Save at least 70% on HP564XL ink! Our ink is helping to keep the planet green! We pledged to never forget! Why should you shop remanufactured ink and toner? Learn how you can get a free recycleable tote bag!

Jul 18, 2014

Did you know, you can print on fabric using your very own inkjet printer at home? You can add quirky designs to a bag, put a funny personalized message on your t-shirt, monogram your pillow case, create a craft project with your kids for school – the possibilities are so many! Let’s look at how you can print on fabrics such as cotton and silk right at home, using an inkjet printer.

Printing on Fabric Printing on fabric – a few pointers


Pick your fabric – experts recommend pure cotton or pure silk because these fabrics are better to print on. It is best to use white or a light colored fabric for best results.Use color fast printer ink (pigment based inks are best) to do your fabric printing to prevent the ink from running and to retain your print results for longer. Also, ensure that your printer is not the sort that expressly forbids fabric printing check your user manual for more details). Typically inkjets will print on fabric whereas few laser printers may be able to do this.

Printing on fabric – things you will need

  • Inkjet printer with ink cartridges that are not depleted or exhausted
  • Cotton or silk cloth fabric
  • Card, printing paper, freezer paper
  • Lightweight bonding spray adhesive and an iron (if you plan to use card or printing paper)
  • Scissors
  • Images, designs, graphics or slogans that you want to print on your cloth (ensure that these are properly formatted and sized)

Prep or stabilize the fabric


The first thing to realize is that you can’t just put any fabric into the printer tray as you would do with the paper. If you do this, it may jam the printer. You could use pre-treated fabrics that are suitable for printing – these fabrics are backed with rigid materials that make them stiff enough to run through a printer.
Here are a few techniques you can use to stabilize the fabric first, and make it stiff enough to run through the printer:
  • Use regular printer paper or stiffer, card paper: cut your fabric to the same size as your sheet of paper, and then iron these together. Spray the paper with adhesive – do this outside or put a protective cover over your workspace to prevent the adhesive getting everywhere. Pay particular attention to the edges; you don’t want the paper and fabric to separate when passing through the printer. Now paste the fabric and paper together.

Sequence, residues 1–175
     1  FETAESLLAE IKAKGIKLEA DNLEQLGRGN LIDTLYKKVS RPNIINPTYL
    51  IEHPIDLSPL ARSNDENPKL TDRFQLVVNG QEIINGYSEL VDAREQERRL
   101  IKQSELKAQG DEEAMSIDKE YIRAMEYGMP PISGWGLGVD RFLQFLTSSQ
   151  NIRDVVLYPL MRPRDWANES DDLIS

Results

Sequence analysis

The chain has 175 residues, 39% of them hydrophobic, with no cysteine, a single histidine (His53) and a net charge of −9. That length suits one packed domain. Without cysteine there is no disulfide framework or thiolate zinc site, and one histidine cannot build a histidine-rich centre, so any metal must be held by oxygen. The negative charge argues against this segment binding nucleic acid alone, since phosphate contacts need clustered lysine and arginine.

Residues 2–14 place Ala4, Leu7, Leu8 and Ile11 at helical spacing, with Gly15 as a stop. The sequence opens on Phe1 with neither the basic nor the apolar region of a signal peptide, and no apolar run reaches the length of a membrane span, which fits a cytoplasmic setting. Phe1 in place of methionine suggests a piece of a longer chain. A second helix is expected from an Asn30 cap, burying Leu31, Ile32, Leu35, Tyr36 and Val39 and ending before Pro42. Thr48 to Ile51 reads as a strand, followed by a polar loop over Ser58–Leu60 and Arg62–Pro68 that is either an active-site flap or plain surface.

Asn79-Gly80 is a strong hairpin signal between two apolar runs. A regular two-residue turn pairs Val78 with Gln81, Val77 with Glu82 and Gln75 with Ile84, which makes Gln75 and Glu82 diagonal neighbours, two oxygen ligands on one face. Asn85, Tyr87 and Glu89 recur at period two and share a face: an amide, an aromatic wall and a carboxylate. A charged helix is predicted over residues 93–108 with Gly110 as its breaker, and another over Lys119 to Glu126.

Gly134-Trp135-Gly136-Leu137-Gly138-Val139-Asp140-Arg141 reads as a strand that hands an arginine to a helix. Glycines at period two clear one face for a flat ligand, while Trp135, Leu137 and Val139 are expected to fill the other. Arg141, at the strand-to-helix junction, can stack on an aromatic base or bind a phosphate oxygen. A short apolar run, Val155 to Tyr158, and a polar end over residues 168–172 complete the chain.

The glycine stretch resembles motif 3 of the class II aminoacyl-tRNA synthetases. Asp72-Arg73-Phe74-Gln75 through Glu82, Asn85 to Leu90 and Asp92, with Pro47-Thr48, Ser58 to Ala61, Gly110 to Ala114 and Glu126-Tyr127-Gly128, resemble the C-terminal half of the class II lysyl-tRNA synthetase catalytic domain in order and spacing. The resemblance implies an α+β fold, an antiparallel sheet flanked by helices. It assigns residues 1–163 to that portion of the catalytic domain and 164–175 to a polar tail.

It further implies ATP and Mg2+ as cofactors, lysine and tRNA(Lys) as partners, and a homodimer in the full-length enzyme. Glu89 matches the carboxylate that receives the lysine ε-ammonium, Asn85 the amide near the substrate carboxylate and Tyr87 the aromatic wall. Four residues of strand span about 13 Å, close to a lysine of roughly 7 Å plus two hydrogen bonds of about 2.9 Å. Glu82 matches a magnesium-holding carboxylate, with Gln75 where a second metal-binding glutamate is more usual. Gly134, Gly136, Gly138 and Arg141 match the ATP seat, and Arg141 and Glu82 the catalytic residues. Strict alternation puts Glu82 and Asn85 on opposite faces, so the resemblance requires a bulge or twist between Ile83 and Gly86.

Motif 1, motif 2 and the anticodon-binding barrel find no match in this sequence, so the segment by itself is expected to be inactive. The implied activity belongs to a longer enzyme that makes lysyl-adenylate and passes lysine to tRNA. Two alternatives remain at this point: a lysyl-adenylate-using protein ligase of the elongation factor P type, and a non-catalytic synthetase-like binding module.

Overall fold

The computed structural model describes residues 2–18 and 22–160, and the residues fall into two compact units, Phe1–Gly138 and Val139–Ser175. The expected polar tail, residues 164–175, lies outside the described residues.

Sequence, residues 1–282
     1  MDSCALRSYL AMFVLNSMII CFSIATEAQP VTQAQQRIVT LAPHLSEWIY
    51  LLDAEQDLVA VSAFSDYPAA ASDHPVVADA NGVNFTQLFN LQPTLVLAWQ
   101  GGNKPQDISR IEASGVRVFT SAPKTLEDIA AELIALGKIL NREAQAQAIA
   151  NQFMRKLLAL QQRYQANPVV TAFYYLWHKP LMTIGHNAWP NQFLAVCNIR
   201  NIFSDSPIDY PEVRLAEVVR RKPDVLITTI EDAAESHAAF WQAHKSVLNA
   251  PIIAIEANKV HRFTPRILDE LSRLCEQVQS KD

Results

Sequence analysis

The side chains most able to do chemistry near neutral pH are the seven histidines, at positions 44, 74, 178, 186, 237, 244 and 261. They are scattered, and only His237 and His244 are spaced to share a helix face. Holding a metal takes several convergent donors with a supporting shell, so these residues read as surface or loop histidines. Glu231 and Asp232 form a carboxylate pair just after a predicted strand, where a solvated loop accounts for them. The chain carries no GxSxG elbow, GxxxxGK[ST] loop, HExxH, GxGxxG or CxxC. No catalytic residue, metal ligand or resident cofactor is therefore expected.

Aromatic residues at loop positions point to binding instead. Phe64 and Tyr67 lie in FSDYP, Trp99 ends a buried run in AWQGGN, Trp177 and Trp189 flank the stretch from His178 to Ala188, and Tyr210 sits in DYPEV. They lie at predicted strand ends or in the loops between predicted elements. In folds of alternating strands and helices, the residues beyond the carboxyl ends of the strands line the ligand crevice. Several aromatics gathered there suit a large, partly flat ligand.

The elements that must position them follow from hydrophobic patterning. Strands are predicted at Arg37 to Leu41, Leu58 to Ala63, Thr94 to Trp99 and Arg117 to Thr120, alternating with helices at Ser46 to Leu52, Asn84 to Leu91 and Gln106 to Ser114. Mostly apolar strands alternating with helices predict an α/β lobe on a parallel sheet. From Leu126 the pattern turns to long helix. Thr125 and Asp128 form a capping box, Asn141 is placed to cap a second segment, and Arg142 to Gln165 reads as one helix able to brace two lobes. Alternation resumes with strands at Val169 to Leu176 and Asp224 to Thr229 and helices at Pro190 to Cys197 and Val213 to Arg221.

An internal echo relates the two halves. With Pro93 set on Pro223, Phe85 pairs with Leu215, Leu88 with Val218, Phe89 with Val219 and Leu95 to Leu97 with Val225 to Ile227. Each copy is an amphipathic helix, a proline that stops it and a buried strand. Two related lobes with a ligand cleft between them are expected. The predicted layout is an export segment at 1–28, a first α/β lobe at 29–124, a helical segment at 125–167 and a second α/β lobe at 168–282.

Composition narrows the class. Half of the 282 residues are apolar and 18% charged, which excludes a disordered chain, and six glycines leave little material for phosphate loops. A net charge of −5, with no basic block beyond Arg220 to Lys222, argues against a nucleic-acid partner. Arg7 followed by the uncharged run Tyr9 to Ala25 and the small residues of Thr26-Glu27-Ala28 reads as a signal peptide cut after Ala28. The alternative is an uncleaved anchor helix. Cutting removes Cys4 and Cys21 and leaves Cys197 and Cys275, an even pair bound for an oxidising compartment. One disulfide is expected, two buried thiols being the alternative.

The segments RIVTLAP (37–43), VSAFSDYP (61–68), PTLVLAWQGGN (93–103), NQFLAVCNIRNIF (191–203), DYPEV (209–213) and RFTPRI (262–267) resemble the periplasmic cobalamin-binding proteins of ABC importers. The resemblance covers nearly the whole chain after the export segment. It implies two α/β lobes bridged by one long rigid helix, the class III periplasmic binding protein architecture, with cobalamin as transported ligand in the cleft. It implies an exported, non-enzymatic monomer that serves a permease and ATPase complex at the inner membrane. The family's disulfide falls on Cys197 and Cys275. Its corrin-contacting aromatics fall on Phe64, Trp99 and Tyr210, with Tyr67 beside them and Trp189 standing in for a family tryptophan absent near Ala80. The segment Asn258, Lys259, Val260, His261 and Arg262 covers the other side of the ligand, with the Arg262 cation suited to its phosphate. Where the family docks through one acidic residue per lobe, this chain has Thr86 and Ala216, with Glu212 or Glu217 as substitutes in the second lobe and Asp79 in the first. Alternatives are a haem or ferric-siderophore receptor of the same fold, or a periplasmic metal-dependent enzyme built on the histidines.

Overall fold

• You can also use freezer paper to do this. You don’t need glue for this, simply ironing the two together – the plastic side (the shiny side is the plastic side) facing the fabric – will do the trick
  • If your printer lets you print on a roll of paper (as opposed to sheets from the feeder tray) then your options increase significantly – you can print banners with messages and so on.

Print on your prepped fabric


Once you pick out a design, photo, graphic, or message, make sure that you crop and edited the image properly for the size or dimension of your prepared fabric. Trim any loose threads you find and then insert your prepped fabric into your printer. Print as usual. It’s recommended that you use the best or highest quality printout mode from the settings – draft or regular quality printing will not last as long. Let the printout dry properly, then peel the paper backing away from the fabric and you're good to go!

So as you can see from these simple steps above, it isn’t really difficult to print on fabric at home – just follow the simple steps listed above and keep those pointers in mind. This will help you create unique home furnishings, let you personalize clothing and other DIY products for the home, school or elsewhere.

And if you think a project such as printing on fabric is going to use up too much ink, worry not! We make it possible for you to save up to 80% on your printer cartridge purchases. Like us on Facebook and subscribe to our newsletter to keep track of discount offers and future posts such as this
Friday, July 18, 2014 Exechias Trezile
Did you know, you can print on fabric using your very own inkjet printer at home? You can add quirky designs to a bag, put a funny personalized message on your t-shirt, monogram your pillow case, create a craft project with your kids for school – the possibilities are so many! Let’s look at how you can print on fabrics such as cotton and silk right at home, using an inkjet printer.